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Small business worried about their future under new IR Bill


The Council of Small Business Organisations Australia (COSBOA) says the small business community is extremely concerned about the consequences of the proposed Secure Jobs, Better Pay Bill, and calls for more consultation and collaboration to design reforms that would help small business.


COSBOA is looking for certainty about how the new Bill will impact small business. Small businesses are against being forced into multi-employer bargaining, especially where they are backed by strike action or union involvement.


COSBOA has long advocated for changes to IR laws to allow for fair and flexible terms to employ people – flexibility many employees also want – to enable small business to compete for and attract strong talent. COSBOA has also previously called for the definition of a small business under the Fair Work Act to be lifted from 15 employees to at least 20 full-time equivalents, and seek reform to the Modern award system to make it fit for purpose in the modern workplace.


“Whilst we are supportive of some aspects of the proposed Bill, we need to address the wall of complexity small businesses face when employing people. They compete with large business for talent in an already tight workforce, they don’t need more hurdles to jump through.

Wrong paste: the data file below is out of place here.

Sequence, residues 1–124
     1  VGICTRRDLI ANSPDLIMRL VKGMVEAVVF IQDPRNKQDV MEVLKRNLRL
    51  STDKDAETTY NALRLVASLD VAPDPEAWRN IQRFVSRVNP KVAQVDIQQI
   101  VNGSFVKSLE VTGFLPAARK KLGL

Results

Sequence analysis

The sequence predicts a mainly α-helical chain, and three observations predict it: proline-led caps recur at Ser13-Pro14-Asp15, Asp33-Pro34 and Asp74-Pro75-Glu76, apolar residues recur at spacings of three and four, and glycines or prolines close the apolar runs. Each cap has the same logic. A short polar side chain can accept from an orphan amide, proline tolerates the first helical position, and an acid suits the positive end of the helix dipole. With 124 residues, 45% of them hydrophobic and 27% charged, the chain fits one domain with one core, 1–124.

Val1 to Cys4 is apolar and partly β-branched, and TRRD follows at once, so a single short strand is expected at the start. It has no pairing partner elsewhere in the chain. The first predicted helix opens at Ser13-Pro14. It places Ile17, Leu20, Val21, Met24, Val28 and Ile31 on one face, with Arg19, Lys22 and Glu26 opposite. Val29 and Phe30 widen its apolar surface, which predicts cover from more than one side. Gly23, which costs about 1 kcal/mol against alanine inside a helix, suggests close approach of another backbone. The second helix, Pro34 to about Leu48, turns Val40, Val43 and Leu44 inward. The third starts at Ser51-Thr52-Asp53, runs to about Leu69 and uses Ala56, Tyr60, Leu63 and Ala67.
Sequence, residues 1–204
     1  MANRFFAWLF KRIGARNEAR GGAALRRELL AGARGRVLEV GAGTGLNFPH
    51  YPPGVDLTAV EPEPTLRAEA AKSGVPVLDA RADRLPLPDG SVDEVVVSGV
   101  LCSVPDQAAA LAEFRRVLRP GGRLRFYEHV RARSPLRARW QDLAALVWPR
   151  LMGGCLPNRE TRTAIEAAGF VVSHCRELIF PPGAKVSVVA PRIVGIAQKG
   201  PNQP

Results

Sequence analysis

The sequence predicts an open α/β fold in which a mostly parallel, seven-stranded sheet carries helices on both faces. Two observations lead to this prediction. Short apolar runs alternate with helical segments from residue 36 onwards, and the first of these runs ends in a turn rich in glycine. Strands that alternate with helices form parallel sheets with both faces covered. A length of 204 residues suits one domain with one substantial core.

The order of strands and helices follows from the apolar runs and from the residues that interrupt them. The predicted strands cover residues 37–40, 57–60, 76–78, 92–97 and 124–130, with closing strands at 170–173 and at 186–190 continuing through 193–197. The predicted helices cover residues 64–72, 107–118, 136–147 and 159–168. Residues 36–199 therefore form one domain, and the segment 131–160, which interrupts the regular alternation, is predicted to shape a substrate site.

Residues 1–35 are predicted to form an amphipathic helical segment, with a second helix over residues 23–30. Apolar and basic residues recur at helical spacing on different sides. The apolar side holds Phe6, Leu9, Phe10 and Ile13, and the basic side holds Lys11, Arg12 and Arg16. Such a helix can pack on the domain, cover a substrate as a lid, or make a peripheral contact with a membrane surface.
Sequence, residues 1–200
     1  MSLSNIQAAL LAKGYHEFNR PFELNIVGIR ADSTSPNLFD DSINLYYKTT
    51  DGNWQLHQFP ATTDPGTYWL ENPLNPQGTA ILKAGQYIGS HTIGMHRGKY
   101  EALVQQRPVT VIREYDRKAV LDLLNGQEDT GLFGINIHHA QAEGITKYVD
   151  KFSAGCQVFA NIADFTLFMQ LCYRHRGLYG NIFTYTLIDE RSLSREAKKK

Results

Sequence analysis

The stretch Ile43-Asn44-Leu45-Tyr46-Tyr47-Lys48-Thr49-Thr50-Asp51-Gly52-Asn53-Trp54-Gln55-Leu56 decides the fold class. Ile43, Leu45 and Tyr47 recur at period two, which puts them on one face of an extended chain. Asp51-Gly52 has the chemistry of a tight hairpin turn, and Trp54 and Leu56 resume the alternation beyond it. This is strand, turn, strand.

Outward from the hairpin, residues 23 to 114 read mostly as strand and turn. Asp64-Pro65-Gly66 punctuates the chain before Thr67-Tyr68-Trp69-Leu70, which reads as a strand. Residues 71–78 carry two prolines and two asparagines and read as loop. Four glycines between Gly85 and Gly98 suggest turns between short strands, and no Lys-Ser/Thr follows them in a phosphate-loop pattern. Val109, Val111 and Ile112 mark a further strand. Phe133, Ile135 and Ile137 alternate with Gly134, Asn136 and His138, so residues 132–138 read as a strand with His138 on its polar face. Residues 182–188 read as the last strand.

“We are hearing loud and clear that there is a serious concern amongst small businesses about the proposed multi-employer bargaining aspect of the Bill. We call for multi-employer bargaining aspects to be stripped from the current Bill.


“Fundamentally, we don’t want this Bill adding another layer of complexity to an already multi-layered IR system, which will disincentivise small businesses from employing more people and potentially stifle growth.


“The true implications of this Bill are not known. We call on the Government to allow the time and process for the impact to be discussed and understood.


Alexi Boyd, CEO of COSBOA said the Government needs to provide further explanation on how they envisage the provisions will impact small business, and then allow for the analysis of that impact to follow.


“The voice of small business must be heard on this Bill, for when small business thrives, so do communities,” said Boyd.

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